- you might not hear a tornado siren if you’re far out in the country.
- roads might not be passable in winter weather.
- you might hear random gunshots in the distance (neighbors target practicing or hunting).
- you probably won’t be able to walk or ride a bike to get around (unless just for leisure).
- less diversity (although this could be seen as a pro in some cases).
- not much chance of having a successful yard sale or lemonade stand.
- neighbors with four wheelers or dirt bikes are noisy (but if you get to know them and even ride with them you can actually gain an appreciation for the fun they’re having).
Some myths that need dispelling.
“People are more prejudiced in the country.”
You might have heard it said that there’s more racism and prejudice in the country than in the city. This is a myth. The truth is, ignorance can be found in the city just as much as in the country.
Growing up in southern California, I’ve been called “pinche guera” (“f-ing white girl” in Spanish) countless times with the same venom that a white supremacist would spit the n-word. Did I cry “racism”? No. Almost all of my friends were Hispanic. I knew that one hate-filled person wasn’t a reflection of an entire population.
It’s true that there are people out there who will form opinions about you based solely on how you look, skin color or otherwise. In the country and in the city. Fortunately, most people are good and kind, and will be friendly if you are.
“It’s boring in the country.”
People who are used to constant stimuli might at first confuse the peacefulness of the countryside with boredom. Your mind might need a little time to decompress and detox before you can truly appreciate nature and all she has to offer.
You will quickly find there is no shortage of things to do in nature when you get outdoors and start exploring. Particularly if you have a job or hobby to attend to. Homesteading will keep you busier than you could ever imagine! (Boredom? What’s boredom?!) From sun up ’til sundown I am working in the kitchen or in the garden, tending to the animals or to my family and household. It’s fulfilling, satisfying work.
Having kids in the country definitely makes it more enjoyable, and busy!
It’s true that not everyone is cut out for country living. If you’re an extremely social person you might feel isolated in the country unless you purposely surround yourself with loved ones or like-minded people.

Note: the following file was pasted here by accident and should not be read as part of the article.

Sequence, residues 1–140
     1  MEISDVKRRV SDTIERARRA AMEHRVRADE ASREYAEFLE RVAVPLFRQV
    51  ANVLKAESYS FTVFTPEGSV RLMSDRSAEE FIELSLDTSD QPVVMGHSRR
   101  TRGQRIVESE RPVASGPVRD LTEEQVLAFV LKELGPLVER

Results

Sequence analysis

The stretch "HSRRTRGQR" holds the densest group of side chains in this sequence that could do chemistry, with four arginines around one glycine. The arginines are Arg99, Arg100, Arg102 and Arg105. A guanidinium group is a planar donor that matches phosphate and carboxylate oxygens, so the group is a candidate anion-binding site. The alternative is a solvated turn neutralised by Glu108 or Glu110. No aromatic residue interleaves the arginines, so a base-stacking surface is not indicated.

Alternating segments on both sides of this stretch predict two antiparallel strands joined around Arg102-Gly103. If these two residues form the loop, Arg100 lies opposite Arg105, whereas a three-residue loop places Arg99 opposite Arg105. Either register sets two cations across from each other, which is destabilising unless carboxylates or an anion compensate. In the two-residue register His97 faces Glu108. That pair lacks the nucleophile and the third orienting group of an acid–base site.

We drive into town frequently so that our children can enjoy activities there. Four days a week the kids participate in organized sports; we have homeschool STEM co-op classes, Anime club, youth group, and group field trips to plays, museums, nature centers, zoos, aquariums, lectures, roller- or ice-skating, etc. We’ve never felt like our options are limited just because we live in the country. We just might have to drive a little further.
I feel very blessed that my dad and my sister live very close by. We also have awesome neighbors who we enjoy getting together with regularly. Our extended family is only 15-20 minutes from where we live, and the city is a 30 minute drive away. It’s nice being that close to everything and yet far enough out that we feel very secluded and private. I think it’s a good balance of both worlds. Although, sometimes I wish we were further away, especially as I see developments moving closer to our woods.
“Country people are ignorant and backwards.”
Country people are definitely different from city folks in many regards, especially if they’ve always lived in the country. There are glaring cultural differences, neither good nor bad. We should be careful not to allow stereotypes to form prejudices in our mind.
When I first moved to the country there were a couple of things that immediately stuck out to me about the people here.